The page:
Introduction

  1. Say, “Today you will design a new accessory for Dash to solve a schoolwide problem!”
  2. Use the 2-5 Design Thinking Presentation to introduce the iterative design thinking process to the class. Say, “Design Thinking has been used to develop all kinds of inventions we use each day, like smartphones, cars, board games and video games. We can use design thinking to improve conditions in our classroom.”
    • Understand: “Of course we understand what we are feeling, but it’s important to ask how those around us feel about things, too. When we understand how users are feeling and the problems they face, we can learn about problems that we all might share.”
    • Define: “Designers must be able to identify a problem or a need that they will attempt to solve. For example: Our classroom floor gets messy after craft activities. That’s a problem.”
    • Ideate: “The word ‘idea’ is the root word of the word ‘ideate.’ That’s because when we ideate, we come up with ways to solve the problem. Brainstorming allows us to come up with all kinds of ideas and then work together to decide on which ideas we’d like to try first. For example: Designing a program and accessory for Dash to sweep up the floor.”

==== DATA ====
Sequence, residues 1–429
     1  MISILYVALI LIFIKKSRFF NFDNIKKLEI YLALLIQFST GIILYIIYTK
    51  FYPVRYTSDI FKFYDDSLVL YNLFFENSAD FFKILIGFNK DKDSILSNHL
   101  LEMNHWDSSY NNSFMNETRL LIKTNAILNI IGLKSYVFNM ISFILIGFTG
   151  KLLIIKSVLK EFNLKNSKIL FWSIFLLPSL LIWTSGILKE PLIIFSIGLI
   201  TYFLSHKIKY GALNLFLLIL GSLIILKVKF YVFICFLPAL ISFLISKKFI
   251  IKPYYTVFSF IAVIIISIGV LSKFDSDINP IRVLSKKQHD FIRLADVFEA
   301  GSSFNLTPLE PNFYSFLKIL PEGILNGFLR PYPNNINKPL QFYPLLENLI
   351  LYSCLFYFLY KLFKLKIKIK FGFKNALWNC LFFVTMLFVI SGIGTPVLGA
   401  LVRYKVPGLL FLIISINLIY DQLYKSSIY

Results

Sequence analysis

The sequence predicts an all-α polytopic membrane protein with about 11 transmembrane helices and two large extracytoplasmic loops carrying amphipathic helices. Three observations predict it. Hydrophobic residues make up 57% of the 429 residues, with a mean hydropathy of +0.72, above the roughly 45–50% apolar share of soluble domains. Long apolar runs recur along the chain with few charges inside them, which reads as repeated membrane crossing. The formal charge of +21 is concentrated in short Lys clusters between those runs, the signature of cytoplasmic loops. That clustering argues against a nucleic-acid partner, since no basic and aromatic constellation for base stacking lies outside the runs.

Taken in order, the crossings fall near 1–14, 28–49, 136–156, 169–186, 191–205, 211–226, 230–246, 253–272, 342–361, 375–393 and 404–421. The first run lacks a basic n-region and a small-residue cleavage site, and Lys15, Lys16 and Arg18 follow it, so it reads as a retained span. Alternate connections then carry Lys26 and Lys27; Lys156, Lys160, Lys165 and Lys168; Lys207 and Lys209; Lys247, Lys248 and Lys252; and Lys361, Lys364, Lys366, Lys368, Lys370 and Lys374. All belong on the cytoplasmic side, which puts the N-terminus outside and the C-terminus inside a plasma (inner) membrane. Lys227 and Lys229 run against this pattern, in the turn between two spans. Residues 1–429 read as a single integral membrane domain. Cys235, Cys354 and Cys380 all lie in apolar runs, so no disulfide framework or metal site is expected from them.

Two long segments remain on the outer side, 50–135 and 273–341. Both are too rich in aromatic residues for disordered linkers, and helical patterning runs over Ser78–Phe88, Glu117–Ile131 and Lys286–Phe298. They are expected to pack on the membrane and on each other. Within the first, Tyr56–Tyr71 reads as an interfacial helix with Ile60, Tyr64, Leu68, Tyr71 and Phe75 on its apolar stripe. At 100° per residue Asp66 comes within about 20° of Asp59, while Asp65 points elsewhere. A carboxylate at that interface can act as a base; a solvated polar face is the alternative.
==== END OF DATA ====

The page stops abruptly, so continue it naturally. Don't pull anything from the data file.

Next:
• Plan: “Once designers select the best solution, they make a plan. They draw a diagram of their design and figure out what materials they will need. For example: You will probably need Legos to build a sweeper for Dash to clean the floor.”
    • Build: “We begin by building a rough version of your group’s design. This rough version is called a prototype. We do this in the same way that we would create a rough draft when we write. It’s okay to make mistakes, because that’s how we learn to make improvements. During construction, we frequently stop to test and retest our prototype. Then we ask: How can we improve it? Each time we make a change in our design, we retest our prototype. It does not need to be perfect. It just needs to work well enough to test out the features of your group’s design.”
    • Test: “Once we’ve built a Dash accessory that sweeps the floor, we must test it out. Does it work? Does it solve the problem? If not, can we tweak it in some way to make it work? Is the problem in the accessory or the program we’ve written? It’s okay to make mistakes. The important thing is to learn from our mistakes and make changes, when needed. We can also get feedback from our peers and from the people who will be using the accessory. We can use that feedback to improve our designs!”